Indigenous Rapper Briggs Is Screenshotting And Posting Racial Abuse He Receives On Facebook

"I think that every now and then I can afford to make an example of a few."

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Update, 2:32pm: One of the men mentioned in this article, Jason Carlon, has contacted Junkee with an apology for his comments. “I crossed the line with the comments you have seen and am truly remorseful,” Carlon said.

In the last week or so, a number of prominent Indigenous voices raised against the national celebrations held on January 26 have caught in the collective consciousness. Journalist and Wiradjuri man Stan Grant’s meditation on “racism at the heart of the Australian dream” has been watched more than 1.3 million times in just over a week and generated reams of praise. Such was the acclamation, directed towards a prominent Indigenous person unapologetically asking white Australia to confront some of its most despicable qualities, it prompted Grant to write that “the extraordinary and overwhelming response to my speech tells me we are better than this”.

In the days following January 26, though, the ugly flipside of that reaction has been on display. Much as Adam Goodes became a target of constant and vocal racial abuse after his Australian of the Year acceptance speech in 2014, several other Indigenous public figures have been subjected to much of the same after expressing views about January 26 that deviate from the popular narrative.

In Wagga Wagga, newly-awarded Citizen of the Year and Wiradjuri man Joe Williams was ordered by Wagga councilman Paul Funnell to hand back his award after refusing to stand for the national anthem, on the grounds that doing so constituted “disrespect”. The controversy has since made national headlines, with both Williams and Funnell appearing on The Project on Friday night. Williams’ eloquent and heartfelt acceptance speech upon receiving the award, in which he reveals the toll racism has taken on his personal life and his loved ones, has gone almost entirely unnoticed.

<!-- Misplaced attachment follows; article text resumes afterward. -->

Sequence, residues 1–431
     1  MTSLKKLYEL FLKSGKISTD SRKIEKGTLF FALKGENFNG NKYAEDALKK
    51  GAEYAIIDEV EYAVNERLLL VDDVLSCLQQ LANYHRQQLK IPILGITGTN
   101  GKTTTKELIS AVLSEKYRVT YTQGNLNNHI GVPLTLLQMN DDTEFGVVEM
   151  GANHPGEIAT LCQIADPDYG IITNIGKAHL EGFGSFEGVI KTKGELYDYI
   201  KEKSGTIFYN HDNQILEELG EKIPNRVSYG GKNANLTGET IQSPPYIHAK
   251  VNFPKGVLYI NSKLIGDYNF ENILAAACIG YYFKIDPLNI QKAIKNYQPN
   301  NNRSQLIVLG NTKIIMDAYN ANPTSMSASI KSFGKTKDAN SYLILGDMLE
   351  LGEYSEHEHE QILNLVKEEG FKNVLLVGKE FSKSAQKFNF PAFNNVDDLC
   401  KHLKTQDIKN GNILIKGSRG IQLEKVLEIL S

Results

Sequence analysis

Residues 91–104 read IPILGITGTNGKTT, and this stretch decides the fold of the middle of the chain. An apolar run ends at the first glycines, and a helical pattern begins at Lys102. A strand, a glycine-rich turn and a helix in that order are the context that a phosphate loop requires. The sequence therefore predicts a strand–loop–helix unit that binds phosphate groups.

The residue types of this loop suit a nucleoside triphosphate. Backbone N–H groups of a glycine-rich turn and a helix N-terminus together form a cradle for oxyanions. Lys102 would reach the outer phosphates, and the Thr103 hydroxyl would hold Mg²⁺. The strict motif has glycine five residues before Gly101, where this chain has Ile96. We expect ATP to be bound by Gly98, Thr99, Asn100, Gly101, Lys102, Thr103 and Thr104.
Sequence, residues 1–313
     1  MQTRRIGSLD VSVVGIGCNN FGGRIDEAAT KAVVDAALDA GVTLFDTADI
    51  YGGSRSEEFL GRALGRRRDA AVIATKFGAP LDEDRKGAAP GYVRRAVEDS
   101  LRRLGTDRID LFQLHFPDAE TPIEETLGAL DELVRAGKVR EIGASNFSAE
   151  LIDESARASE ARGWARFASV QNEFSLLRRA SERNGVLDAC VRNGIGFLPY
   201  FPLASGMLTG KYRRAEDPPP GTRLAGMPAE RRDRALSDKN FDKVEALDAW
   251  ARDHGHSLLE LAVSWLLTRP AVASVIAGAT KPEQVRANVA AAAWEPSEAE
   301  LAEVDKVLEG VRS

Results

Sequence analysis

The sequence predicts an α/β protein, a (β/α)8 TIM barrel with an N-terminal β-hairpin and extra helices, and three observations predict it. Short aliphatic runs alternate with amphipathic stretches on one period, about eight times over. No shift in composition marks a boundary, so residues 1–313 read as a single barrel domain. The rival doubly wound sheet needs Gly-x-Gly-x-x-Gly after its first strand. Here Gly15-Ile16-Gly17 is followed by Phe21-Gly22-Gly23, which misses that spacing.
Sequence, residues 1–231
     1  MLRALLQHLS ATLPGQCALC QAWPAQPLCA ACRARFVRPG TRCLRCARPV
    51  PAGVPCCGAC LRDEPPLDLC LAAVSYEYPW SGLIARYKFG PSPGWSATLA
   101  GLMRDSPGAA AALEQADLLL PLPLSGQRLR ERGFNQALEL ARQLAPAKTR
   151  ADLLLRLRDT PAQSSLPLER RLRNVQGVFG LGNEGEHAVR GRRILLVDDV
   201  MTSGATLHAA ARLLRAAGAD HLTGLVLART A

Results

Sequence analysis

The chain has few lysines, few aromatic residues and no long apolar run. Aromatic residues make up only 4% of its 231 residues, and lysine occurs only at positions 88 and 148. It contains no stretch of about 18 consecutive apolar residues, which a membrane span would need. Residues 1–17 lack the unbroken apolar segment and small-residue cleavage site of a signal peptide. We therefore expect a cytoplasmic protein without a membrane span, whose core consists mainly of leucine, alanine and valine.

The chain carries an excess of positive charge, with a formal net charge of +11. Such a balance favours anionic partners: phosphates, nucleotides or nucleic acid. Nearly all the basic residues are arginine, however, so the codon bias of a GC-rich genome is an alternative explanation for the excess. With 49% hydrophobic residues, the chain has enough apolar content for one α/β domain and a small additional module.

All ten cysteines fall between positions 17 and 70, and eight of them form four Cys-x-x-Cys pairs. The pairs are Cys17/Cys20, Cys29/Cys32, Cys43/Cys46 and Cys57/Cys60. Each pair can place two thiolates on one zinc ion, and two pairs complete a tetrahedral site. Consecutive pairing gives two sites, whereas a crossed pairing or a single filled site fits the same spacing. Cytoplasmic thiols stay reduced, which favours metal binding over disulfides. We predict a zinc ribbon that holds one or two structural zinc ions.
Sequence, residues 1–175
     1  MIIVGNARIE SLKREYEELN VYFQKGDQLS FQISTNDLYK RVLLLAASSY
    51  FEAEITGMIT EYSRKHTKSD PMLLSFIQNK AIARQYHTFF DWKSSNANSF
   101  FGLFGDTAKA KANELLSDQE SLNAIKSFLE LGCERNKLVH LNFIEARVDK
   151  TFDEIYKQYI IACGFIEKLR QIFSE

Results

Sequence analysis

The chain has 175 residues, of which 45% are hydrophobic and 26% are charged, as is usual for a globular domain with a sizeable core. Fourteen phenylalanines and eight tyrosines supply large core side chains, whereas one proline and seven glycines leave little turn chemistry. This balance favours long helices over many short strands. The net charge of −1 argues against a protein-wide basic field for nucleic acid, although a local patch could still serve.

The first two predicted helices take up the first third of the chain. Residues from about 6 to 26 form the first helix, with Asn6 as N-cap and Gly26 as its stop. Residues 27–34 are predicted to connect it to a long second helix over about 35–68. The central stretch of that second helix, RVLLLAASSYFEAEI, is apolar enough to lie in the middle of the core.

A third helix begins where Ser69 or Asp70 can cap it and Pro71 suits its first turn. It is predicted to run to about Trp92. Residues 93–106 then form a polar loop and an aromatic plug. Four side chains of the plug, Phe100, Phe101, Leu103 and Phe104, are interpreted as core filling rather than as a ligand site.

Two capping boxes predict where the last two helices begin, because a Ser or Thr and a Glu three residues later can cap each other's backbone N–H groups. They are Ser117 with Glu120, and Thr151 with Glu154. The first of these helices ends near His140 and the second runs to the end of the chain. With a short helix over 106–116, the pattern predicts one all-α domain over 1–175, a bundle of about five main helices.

Around the same time, VICE released a video featuring Yorta Yorta rapper Briggs and comedian Aamer Rahman riffing on their opinions of ‘Australia Day’ celebrations, which quickly became the focus of racist backlash online. The response was so vehement that VICE quickly released a follow-up video of Briggs and Rahman reading out some of the comments, which in turn generated more angry responses.

All of which came to a head last night, when Briggs shared a Facebook post by Victorian Gunditjmara woman Sis Austin detailing how she had been bullied and harassed online for complaining about a pair of men in blackface costumes at a themed party in Ballarat.

Briggs’ post in support of Austin was quickly met with a wide variety of racist comments, with people calling him a “petrol sniffer” and claiming his opposition to blackface constituted “reverse racism”.

Rather than abandoning the conversation or getting abusive in return, Briggs screenshotted some of the more egregious comments instead, along with a promise to send them to people’s employers.


Whether Briggs’ name-and-shame strategy results in the trolls quietening down remains to be seen, but it’s worked a treat for Australian model Emily Sears, who’s been sending unsolicited dick pics she receives from men to their wives and girlfriends. Civilising the internet suddenly seems a lot more possible.